Adobo is the first Filipino food featured in Google Doodle

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adobo is the first filipino food featured in google doodle

Adobo is the first Filipino dish to be featured on the Google Doodle platform.

“Adobo is an integral component of Filipino history. It is a growing, well-liked comfort food or culinary style that transcends all economic barriers. For adobo, the original Filipino food, to be featured as a Google Doodle is a Pinoy Pride moment,” said Mervin Wenke, Head of Communications and Public Affairs for Google Philippines.

“It is a pleasure to debut on such a worldwide platform this Doodle that highlights the originality and diversity of Filipino food,” he remarked.

Adobo may be found everywhere, from five-star restaurants in Manila to the kitchens of Filipino families throughout the globe. The word “adobo” was introduced to the Oxford English Dictionary (OED) for the first time in December 2006 and was included in the following quarterly update of the OED, published on this day in 2007.

There are several varieties of Adobo, but they always contain the same fundamental ingredients: meat or vegetables that have been marinated and simmered. Vinegar, soy sauce, garlic, bay leaves, and black pepper are common components. Local tastes make Filipino adobo significantly sweeter, sourer, and saltier than other variants.

Many regions in the Philippines offer Adobo a regional touch. Locals in the Visayas region love adobong puti (White Adobo), which is believed by some to be the original indigenous version because it utilizes only vinegar and no soy sauce. In regions like as Southern Luzon, where coconut milk is a staple, creamier adobo dishes such as Adobong Manok sa Gata (chicken adobo with coconut milk) are wildly popular. Some replace beef with seafood such as squid or locally accessible vegetables such as kangkong (water spinach) or sitaw (string beans).

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“Adobo is a source of Filipino identity and national pride. Wherever Filipinos go in the globe, the simple utterance of the term “adobo” is sufficient to trigger a longing for home-cooked cuisine. There is nothing quite like our own unique Adobo, whether eaten with rice, pandesal, or just by itself,” famous chef and cuisine writer Claude Tayag said.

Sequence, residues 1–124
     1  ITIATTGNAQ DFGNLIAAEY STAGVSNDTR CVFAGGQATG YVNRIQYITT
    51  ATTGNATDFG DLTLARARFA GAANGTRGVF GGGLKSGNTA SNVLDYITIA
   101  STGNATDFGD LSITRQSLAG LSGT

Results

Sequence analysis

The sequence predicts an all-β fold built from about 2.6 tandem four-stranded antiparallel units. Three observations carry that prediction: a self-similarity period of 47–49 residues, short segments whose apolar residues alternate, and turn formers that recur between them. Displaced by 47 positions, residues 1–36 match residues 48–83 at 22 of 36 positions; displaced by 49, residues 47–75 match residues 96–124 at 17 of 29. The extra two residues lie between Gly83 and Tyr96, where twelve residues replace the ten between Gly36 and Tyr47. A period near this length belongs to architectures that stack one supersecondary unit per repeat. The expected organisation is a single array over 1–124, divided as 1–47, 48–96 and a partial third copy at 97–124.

“Celebrating Adobo as the very first Filipino dish Google Doodle is extremely noteworthy. This is an excellent method for generating online dialogues about our rich and diverse cuisine heritage,” he remarked.

Google Doodle designer Anthony Irwin remarked on the process: “I ordered southern-style chicken Adobo from a nearby restaurant to jog my memory while creating the artwork for this Doodle, and the aroma was the first thing to strike me. It was so brilliant and nostalgic that it immediately filled my flat with a sense of familiarity: this is how things should be. Hence, I attempted to depict the basic childlike pleasure of leaning in and tasting the type of cuisine that makes one feel at home. Kain nang mabuti!”

This renowned dish has evolved throughout the years and is now eaten globally. It differs from area to region, family to family, and palate to palate as a sign and statement of Filipino pride. The youngsters depicted in today’s artwork would undoubtedly concur that the history, flavor, and fragrances of this dish are all exceptional. Wherever and however it is prepared, Adobo leaves satisfied stomachs and salivating tongues.

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